Other material that the MGM songwriting team of Arthur Freed and Nacio Herb Brown did not provide for this film are a couple operatic arias sung by the great concert singer Igor Gorin. He sings Largo Al Factotum from The Barber of Seville and the Toreador Song from Carmen. I’d venture a guess that Louis B. Mayer signed Gorin for this as an effort to keep his other two singers Nelson Eddy and Allan Jones in line. In fact Eddy and Mayer did not get along and Jones would be leaving MGM the following year. Gorin is in fine voice, but did not have much screen presence and has very few spoken lines. I don’t think that was an accident.

Broadway Melody of 1938 is one of MGM’s best musicals from the Thirties and how can you not like a film with as much talent as this one is loaded with?  Review by bkoganbing from Buffalo, NY for the IMDb.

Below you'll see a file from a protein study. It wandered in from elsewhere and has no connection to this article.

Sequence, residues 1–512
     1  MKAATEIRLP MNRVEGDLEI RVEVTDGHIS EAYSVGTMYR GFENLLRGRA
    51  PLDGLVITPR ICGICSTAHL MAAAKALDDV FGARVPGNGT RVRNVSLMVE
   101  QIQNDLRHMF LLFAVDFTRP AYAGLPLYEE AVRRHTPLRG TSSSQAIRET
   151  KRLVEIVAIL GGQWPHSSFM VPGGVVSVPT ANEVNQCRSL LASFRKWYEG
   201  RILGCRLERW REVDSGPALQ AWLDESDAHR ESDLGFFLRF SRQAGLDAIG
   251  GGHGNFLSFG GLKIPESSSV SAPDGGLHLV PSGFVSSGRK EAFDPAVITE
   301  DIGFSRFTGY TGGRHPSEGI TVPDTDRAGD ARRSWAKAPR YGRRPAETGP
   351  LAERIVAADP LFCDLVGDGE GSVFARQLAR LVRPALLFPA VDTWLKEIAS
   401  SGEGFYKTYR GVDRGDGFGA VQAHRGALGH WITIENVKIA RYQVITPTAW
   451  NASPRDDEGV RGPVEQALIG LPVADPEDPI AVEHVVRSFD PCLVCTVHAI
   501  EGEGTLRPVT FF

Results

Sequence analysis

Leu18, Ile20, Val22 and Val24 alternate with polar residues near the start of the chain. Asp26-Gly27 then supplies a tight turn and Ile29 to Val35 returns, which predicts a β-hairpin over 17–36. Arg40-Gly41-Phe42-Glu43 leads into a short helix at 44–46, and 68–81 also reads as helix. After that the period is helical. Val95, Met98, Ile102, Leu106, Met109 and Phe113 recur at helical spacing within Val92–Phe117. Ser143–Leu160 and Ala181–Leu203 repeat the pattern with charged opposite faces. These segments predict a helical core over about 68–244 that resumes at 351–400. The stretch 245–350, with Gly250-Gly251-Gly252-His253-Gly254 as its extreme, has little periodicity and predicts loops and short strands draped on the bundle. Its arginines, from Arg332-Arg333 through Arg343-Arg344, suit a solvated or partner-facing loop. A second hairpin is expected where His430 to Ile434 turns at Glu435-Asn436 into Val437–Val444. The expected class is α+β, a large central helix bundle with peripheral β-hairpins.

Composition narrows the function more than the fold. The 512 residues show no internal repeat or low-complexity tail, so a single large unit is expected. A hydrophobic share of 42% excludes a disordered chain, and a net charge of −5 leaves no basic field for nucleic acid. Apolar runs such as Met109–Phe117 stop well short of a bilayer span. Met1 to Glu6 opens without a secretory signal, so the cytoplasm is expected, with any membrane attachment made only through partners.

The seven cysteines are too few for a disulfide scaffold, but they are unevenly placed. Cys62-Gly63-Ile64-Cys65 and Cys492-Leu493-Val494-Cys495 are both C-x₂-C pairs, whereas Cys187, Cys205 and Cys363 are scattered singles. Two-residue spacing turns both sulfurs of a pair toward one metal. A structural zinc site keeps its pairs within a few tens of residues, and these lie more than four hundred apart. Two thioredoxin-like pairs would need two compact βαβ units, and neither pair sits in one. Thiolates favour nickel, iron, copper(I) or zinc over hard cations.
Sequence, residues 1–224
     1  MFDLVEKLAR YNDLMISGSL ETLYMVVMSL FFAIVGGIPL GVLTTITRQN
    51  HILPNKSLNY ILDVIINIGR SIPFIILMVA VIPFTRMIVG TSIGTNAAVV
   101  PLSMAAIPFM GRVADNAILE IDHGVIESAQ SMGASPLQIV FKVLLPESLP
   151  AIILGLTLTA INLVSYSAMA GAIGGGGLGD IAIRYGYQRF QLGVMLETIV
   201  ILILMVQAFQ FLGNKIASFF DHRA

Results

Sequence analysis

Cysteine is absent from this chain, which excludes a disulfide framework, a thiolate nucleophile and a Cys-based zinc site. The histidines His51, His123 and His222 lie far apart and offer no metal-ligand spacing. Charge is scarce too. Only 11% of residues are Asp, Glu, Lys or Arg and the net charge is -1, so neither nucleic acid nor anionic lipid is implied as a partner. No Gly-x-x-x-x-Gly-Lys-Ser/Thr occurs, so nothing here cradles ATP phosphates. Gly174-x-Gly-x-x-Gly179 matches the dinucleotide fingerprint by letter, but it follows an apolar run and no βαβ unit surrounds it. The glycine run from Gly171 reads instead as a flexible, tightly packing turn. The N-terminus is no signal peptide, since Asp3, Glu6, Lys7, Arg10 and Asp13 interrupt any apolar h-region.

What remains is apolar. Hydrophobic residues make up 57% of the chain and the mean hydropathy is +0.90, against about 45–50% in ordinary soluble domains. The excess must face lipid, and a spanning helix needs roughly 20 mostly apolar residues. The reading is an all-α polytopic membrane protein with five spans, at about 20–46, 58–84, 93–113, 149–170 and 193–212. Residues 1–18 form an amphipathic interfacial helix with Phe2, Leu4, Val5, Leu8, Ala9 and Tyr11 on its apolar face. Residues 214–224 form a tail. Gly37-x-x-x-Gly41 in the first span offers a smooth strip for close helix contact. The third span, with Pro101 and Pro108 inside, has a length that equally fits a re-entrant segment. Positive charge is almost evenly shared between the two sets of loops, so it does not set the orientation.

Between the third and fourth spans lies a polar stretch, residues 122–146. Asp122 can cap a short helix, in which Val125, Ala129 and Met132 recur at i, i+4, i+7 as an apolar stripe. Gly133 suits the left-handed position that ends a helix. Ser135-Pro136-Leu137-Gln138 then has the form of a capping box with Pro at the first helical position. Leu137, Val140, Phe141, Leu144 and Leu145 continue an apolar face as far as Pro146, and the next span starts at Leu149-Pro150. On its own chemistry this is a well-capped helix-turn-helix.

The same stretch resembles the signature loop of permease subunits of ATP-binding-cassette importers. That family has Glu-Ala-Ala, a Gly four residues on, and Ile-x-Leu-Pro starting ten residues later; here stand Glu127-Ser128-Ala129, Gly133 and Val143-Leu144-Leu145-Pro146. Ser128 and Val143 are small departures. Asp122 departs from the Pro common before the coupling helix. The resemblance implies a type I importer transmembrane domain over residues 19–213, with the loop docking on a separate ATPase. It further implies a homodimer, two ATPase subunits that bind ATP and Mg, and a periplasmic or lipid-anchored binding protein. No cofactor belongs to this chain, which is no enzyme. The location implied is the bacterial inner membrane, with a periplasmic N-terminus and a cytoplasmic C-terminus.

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“The Youngest Profession,” 1943, Is Playing on TCM on November 14. (USA)

The Youngest Profession  (1943) is playing on Turner Classic Movies on Thu, November 13, 2014 04:30 AM est. *NOTE*:A TCM programming day begins at 6:00am EST on the calendar day listed and runs to 5:59am EST in the morning on the next day. Hours listed at 12:00am to 5:59am EST in your reminder will be shown on the NEXT calendar day. Therefore, The Youngest Profession will actually be shown on Friday, November 14.  Closed captioned.  Strictly speaking, this isn’t a Robert Taylor movie but it’s fun and he does appear in it.

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Jean Porter discovers Robert Taylor at her door.